TALLAHASSEE — The suspended gambling compact between the Seminole Tribe of Florida and Gov. Charlie Crist will undergo an intense review from a special legislative committee before lawmakers put their stamp on the deal, House Speaker Ray Sansom said Tuesday.
Sansom, a Destin Republican and gambling opponent, announced the creation of the Select Committee on Seminole Indian Compact Review to "break down the compact" that was supposed to steer millions in gambling revenue to state coffers. The panel will hear why the governor signed the deal in November 2007, review options for changing it and then decide whether or not ratify it.
The compact signed by Crist and the tribe gives the Seminoles the right to offer Las Vegas-style slot machines as well as table games such as black jack and baccarat at their casinos in Florida. In exchange, the tribe guaranteed the state would receive $375-million over the next three years and at least $100-million a year for 25 years, as long as the state prevents the tribe's competitors — parimutuels including horse and dog tracks and jai alai frontons — from expanding their gambling offerings.
Former House Speaker Marco Rubio and the House sued the governor earlier this year, alleging that the agreement violated state law because table games were not allowed under Florida law. The Florida Supreme Court ruled unanimously that the House was right and it is up to the Legislature to approve or reject the deal.
Crist said Tuesday he is encouraged by the creation of the committee, but warned legislators not to use the compact as an opportunity to draw more money from the tribe. "I think we have a very well-thought-out, well-negotiated, fair compact, negotiated at a time when the economy was doing even better than it is today," Crist told the Times/Herald.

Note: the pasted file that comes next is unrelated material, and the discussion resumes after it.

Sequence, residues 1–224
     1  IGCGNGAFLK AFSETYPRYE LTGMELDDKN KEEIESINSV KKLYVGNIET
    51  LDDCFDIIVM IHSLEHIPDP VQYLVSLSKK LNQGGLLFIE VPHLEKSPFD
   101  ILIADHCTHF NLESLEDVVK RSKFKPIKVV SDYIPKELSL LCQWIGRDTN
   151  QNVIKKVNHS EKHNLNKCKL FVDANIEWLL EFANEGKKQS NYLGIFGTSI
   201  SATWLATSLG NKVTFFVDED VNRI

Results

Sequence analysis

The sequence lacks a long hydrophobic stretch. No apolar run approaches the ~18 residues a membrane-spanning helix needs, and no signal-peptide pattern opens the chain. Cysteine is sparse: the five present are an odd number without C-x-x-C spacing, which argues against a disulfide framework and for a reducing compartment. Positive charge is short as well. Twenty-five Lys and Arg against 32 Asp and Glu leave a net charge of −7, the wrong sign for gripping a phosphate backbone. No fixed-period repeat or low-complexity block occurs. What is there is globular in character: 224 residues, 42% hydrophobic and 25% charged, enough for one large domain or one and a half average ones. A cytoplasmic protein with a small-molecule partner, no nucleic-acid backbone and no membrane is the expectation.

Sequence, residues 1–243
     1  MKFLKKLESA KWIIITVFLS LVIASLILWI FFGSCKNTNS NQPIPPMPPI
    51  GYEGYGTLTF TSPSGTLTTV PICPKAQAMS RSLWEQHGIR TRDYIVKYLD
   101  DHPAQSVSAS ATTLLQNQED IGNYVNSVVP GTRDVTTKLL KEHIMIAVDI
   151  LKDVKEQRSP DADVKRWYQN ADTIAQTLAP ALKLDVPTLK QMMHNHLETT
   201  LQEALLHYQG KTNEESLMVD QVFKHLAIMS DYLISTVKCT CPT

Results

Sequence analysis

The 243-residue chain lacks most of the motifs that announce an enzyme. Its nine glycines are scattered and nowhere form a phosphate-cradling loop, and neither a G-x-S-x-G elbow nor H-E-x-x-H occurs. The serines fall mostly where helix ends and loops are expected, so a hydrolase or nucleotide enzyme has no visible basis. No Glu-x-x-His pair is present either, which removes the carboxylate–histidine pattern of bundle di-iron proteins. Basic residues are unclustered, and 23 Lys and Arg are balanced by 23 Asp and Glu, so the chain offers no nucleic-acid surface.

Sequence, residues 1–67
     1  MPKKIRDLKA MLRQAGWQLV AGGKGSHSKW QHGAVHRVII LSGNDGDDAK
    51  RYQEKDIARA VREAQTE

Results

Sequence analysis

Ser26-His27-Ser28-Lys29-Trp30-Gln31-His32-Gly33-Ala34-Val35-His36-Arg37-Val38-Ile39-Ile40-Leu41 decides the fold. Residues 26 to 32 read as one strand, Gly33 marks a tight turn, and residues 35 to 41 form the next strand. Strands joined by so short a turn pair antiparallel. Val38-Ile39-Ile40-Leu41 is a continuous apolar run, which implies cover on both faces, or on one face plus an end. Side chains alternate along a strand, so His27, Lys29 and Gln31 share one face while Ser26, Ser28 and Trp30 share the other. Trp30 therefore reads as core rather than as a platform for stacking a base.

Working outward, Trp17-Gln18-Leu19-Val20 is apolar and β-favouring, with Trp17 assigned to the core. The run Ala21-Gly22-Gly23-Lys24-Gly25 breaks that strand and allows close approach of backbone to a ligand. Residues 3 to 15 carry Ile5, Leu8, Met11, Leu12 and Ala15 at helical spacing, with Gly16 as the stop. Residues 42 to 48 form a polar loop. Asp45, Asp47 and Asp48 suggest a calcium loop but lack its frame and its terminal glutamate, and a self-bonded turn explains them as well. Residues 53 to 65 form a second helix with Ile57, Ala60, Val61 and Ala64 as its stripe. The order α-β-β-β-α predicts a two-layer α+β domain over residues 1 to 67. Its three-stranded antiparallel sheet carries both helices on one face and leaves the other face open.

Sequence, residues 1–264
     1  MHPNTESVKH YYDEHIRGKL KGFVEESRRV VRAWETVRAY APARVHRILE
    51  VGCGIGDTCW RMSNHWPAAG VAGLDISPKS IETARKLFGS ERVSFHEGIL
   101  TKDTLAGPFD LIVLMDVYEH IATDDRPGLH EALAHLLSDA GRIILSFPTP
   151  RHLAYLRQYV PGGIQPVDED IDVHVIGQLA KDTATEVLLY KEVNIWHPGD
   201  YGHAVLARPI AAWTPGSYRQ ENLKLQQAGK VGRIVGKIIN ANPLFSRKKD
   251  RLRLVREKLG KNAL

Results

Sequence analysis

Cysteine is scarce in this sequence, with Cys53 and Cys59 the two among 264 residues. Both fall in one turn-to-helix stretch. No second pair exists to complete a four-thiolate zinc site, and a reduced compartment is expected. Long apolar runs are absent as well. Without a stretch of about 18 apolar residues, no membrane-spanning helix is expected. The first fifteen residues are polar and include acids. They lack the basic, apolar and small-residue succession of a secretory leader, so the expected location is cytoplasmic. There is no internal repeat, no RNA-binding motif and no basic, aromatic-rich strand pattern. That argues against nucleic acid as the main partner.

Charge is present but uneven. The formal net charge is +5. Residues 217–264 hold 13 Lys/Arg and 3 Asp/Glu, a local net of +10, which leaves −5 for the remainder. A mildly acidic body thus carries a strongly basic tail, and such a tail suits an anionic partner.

He said a gambling compact "can be a very significant revenue source" for the state but added that the money could be lost if the Legislature doesn't approve an agreement.
"My concern is if we don't enter into a compact eventually, the tribe will do what it's going to do anyway and Florida taxpayers won't benefit," he said.
Barry Richard, one of the lawyers who negotiated the compact for the Seminole Tribe, said he "never expected the Legislature to rubber stamp it." But he warned that reopening negotiations in light of the current economic downturn might result in the tribe being unwilling to offer the terms it gave the state a year ago.
Senate leaders said Tuesday they are open to whatever the House recommends but believe the debate will include changes to the state's slot machine laws. The Senate last year passed a bill that would lower the 50 percent tax rate on slot machines at parimutuels, as long as the money the state collects in taxes doesn't decline. The bill did not pass the House.